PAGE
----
In other words, the rules felt like overkill, which meant many of us broke the rules. Sometimes passengers left their cabins without masks. Often we sat closer together than strictly allowed, without our masks on, since we were drinking or eating.
Crew members, on the other hand, consistently wore masks, but sometimes not fully: covering the mouth but not the nose, or entirely tucked below the chin.
Not that anyone asked or made much effort to enforce the rules. Occasionally a waiter at the entrance to a restaurant would gesture for me to use hand sanitizer, but there was no barking out orders and no sense of confrontation. The crew was consistently polite, never making a fuss, even with blatant rule-breaking. I never witnessed a confrontation or a passenger refusing to cooperate.
One day I forgot to get my temperature taken before leaving on an excursion. I was not stopped as I left the ship and there were no repercussions upon my return.
What would the crew do if someone refused outright to wear a mask? Incidents of passengers on airplanes refusing to wear masks have hit the news recently, but it seems unlikely that this would happen on a cruise. Flying is an uncomfortable necessity, setting everyone on edge, but cruises are meant for enjoyment. How likely is it that anyone would take the risk of being removed from the ship?
Celestyal promises thorough cleaning of buses used for excursions. Tour guides and drivers wear masks. We were required to wear masks in vehicles like vans, buses or enclosed boats and, as on the ship, signs urged social distancing.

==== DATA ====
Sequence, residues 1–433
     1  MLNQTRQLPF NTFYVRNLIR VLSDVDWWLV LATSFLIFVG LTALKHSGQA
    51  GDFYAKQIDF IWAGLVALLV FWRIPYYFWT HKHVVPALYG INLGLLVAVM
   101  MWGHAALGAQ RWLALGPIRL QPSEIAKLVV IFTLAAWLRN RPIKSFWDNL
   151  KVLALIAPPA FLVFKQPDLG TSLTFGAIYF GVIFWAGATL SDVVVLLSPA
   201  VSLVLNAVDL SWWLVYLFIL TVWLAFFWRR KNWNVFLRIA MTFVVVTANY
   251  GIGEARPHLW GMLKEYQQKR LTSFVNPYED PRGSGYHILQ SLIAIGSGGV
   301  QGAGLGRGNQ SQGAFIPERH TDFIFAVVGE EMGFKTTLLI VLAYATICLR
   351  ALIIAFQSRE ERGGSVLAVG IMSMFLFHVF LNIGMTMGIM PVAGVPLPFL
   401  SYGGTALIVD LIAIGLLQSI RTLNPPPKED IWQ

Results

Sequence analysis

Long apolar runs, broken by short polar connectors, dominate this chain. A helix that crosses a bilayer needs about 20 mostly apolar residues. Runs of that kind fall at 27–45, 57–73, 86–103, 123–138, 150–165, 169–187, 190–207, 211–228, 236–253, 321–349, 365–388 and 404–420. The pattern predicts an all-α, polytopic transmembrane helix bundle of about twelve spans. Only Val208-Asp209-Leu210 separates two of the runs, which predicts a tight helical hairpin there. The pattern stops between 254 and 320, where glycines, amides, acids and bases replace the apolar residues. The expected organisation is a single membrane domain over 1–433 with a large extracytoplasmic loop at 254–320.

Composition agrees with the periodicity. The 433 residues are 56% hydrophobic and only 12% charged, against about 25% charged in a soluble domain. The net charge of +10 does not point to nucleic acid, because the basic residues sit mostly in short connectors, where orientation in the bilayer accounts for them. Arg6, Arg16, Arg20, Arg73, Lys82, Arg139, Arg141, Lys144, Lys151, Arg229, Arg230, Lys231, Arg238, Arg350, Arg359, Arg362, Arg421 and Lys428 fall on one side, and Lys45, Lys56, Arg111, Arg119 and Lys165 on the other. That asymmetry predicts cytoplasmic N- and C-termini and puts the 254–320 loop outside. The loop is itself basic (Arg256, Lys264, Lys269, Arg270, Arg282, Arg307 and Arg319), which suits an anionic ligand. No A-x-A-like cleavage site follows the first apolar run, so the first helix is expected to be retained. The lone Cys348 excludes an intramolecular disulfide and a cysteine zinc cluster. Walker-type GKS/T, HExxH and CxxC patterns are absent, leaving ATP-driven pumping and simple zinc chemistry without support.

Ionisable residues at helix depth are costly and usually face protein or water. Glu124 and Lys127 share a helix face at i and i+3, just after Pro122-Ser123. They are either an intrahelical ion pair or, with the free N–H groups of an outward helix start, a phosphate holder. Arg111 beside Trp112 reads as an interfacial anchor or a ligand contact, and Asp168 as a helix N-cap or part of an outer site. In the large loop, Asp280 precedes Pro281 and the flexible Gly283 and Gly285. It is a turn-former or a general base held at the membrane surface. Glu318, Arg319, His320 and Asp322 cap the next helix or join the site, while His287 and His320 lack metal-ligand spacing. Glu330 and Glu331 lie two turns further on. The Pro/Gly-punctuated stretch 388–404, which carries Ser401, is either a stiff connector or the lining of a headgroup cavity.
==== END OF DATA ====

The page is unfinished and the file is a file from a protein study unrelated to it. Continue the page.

After spending so much time together, though, both on the ship and off, and given the knowledge that we were all fully vaccinated, we tended to “forget” the mask as we boarded the bus. It was just so easy to go from a walking tour in the open air – no mask required – to a restaurant, also outdoors, to boarding a van, all the while chatting carelessly, maskless. It felt like freedom.
I don’t know if the service providers – drivers, tour guides, waiters and so on – just didn’t care whether we were masked or not, or if they were too polite to say anything. Perhaps they just didn’t want to provoke a confrontation.
While a comprehensive anti-Covid policy can protect everyone from infection – both passengers and crew – no set of rules can accommodate the fact that people are individuals who make their own assessments about safety. Two seats at a four-seat table may be marked as off-limits, but if four people wish to sit together, they will. If a crew member is doing heavy physical work and chooses to pull his mask down, he will.
This may be an expression of carelessness or it may follow from a careful consideration of risks and benefits. The reason doesn’t particularly matter.
Getting everyone to follow the rules to the letter would require just what I witnessed at the cruise terminal: staff barking orders at passengers. No one wants that. Both crew and passengers have a stake in letting cruises happen, and both seem prepared to accept the small risks involved.
What is required right now to board a Celestyal cruise
The rules to enter Greece are not the same as the rules Celestyal sets for its cruises.
At the time of this writing, anyone traveling to Greece is required to show a) a negative PCR test taken within 72 hours of arrival, b) a negative rapid test taken within 48 hours of arrival, c) proof of being fully vaccinated 14 or more days before entry or d) proof of past infection with Covid. A passenger locator form is also required.
Celestyal Cruises adds further rules. It has its own version of a passenger locator form as well as a health questionnaire. All passengers must take a rapid test before boarding a Celestyal ship. Once you’ve jumped through all of the hoops, though, you can let your guard (and your mask) down. The ship seems to be a bark-free zone.
For more cruise reviews and destination ideas, visit our cruise channel.Last modified: July 19, 2021